Sewing Pillows the Easy Way

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The pillows on my sofa and loveseat have been driving me crazy since we first got them (they came with the furniture), but it was just one of those projects I hadn’t gotten around to tackling. I’d finally had enough of it, so this morning I went to Hobby Lobby and got my fabric. I got home, put the baby down for a nap, and was finished sewing by lunchtime. Now before you get impressed, you need to know that I don’t know anything about sewing. I bought a cheap sewing machine at Walmart a few years ago and only know how to use the most basic stitch – but that’s all you need!

Now, I couldn’t sew a zipper if my life depended on it, so I have always made envelope style pillows. Instead of the pillow zipping on a seam, there are two panels on the back that form an opening. In the past, I’ve cut out three pieces for these pillows: one piece for the front and two pieces for the back panels. But I saw this tutorial a while back that got me to thinking how much easier – and quicker – it would be to just cut one big piece of fabric. I will never go back!

The first thing you need to do is cut a long rectangle of fabric. I wanted my pillows to be 18×18 inches. Here we go with some math, but I’ll try to make it as simple as possible. I decided to have each panel on the back of my pillow be 11 inches (in hindsight I wish I had made them larger, but I’ll know next time). As always, I had to draw myself a little picture. (You’ll notice that I cut my fabric 18.5″ long instead of 18″. That’s because your pillow will be slightly smaller once you sew the ends together.)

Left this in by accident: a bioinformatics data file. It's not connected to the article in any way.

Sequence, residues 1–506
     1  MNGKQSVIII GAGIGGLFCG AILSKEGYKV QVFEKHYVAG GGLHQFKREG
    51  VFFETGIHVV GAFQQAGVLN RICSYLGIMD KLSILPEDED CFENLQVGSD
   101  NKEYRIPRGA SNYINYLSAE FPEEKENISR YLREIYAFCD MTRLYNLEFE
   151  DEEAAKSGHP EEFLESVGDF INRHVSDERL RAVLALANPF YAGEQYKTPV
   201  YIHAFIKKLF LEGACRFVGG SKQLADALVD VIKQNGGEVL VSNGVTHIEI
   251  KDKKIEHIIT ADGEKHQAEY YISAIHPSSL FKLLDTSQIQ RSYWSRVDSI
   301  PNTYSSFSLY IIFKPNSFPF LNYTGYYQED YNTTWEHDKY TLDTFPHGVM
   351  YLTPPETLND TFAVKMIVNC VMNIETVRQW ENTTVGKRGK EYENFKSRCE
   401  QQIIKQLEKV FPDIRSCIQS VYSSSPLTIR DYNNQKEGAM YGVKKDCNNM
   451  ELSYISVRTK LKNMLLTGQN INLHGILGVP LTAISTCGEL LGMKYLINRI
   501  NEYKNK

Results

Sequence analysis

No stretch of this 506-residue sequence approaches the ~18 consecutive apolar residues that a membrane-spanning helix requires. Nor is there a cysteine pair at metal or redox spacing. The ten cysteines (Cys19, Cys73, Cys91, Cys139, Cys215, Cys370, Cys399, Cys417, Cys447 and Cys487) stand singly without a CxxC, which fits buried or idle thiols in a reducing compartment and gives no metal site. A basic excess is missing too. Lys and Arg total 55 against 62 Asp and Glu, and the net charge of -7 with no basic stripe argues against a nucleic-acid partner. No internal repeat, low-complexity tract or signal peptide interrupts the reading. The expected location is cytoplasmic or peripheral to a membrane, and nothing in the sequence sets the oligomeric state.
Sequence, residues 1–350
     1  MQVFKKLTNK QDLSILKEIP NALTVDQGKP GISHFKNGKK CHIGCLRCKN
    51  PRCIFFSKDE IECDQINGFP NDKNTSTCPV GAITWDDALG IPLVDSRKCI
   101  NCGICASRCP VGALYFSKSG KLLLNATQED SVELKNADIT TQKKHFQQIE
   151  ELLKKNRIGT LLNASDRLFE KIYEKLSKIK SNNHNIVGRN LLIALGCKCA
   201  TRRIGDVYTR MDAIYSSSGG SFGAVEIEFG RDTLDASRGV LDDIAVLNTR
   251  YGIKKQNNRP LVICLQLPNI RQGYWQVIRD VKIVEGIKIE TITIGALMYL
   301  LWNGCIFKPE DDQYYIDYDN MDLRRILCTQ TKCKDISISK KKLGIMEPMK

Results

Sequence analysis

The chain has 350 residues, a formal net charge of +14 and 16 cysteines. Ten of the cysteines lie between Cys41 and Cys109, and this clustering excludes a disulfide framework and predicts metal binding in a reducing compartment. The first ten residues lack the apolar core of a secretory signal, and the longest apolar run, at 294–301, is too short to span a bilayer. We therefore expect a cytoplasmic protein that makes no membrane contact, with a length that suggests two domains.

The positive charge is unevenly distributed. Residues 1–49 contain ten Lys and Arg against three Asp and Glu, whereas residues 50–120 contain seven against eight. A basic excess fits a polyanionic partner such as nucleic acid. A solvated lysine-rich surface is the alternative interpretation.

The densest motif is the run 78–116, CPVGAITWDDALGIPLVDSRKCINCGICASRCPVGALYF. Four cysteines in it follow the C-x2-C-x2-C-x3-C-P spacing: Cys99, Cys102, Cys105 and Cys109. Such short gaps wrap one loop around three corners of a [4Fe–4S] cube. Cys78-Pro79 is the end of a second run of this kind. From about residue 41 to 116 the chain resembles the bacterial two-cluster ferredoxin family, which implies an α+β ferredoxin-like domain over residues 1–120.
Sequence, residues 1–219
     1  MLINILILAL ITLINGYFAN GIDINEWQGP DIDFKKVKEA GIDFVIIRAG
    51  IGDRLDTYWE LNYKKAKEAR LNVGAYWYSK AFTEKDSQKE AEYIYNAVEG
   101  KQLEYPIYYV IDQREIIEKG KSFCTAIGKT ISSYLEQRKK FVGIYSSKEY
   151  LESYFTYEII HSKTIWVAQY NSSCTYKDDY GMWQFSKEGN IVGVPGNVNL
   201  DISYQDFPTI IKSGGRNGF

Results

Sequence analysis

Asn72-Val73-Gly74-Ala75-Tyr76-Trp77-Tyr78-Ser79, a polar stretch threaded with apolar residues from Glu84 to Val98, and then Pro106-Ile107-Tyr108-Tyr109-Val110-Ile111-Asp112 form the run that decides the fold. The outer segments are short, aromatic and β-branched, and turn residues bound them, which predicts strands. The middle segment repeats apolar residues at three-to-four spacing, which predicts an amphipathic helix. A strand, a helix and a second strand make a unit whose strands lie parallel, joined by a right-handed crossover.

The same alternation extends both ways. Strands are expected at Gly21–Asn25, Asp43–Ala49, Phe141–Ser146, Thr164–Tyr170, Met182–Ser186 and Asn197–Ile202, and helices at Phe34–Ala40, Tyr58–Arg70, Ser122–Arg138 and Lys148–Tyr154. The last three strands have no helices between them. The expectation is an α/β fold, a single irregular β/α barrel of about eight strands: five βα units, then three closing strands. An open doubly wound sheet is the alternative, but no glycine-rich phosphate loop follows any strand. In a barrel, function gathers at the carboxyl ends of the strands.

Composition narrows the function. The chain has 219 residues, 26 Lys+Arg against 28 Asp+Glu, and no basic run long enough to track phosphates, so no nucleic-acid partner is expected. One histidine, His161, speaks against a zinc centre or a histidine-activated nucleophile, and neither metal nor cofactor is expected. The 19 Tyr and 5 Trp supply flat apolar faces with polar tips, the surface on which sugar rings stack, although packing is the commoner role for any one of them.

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I cut out my rectangle

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The next step is my least favorite part – ironing! I hate that you have to iron when you sew, but I’ve tried skipping this step before with disastrous results. First, run your iron over your fabric to get the creases out. Then, fold over just a little bit on your short ends and iron them down.

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Now you’ll hem those short ends. Just run a stitch down those short sides that you just ironed.

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Once you hem both the short sides, you’re going to take your fabric and lay it horizontally with the pretty side facing you. Then take one side of the fabric and fold it over. Remember that picture I drew earlier? I referred back to it to remind myself how long each panel was supposed to be. My paper said 11 inches, so I knew how much I needed to fold over.

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Use straight pins to pin that side down and then do the other side. Just make sure that when you’re done, the width of the square is the width you want your pillow to be.

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Sew the two pinned sides together.

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When you’re done, pull the pins out (duh), flip the pillowcase right-side-out, and stuff it! I recommend using an actual pillow form since these cases don’t actually close like zippered ones. I used polyfill because it’s what I had on hand, and I can already tell my kids are going to pull it out. Regardless, it sure looks pretty!

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Here’s how the back will look. You can see why I should have made my flaps larger than 11 inches each, but oh well. (Edited to add: sure enough, my boys were pulling out the polyfill, and my living room looked like a snowstorm. I ended up buying 18×18 pillow inserts at Hobby Lobby, and they work much better.)

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I love the way my couch looks now, and I love how easy this method is! Bright and happy for spring! (Disclaimer: I didn’t sew the green and yellow pillowcases.)

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